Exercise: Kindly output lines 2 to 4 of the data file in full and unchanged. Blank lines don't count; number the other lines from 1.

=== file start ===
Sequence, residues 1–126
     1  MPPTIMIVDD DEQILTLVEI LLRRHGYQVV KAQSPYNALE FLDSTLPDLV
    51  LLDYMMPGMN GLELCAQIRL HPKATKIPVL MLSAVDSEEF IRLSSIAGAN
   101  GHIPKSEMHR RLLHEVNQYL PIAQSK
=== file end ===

     1  MPPTIMIVDD DEQILTLVEI LLRRHGYQVV KAQSPYNALE FLDSTLPDLV
    51  LLDYMMPGMN GLELCAQIRL HPKATKIPVL MLSAVDSEEF IRLSSIAGAN
   101  GHIPKSEMHR RLLHEVNQYL PIAQSK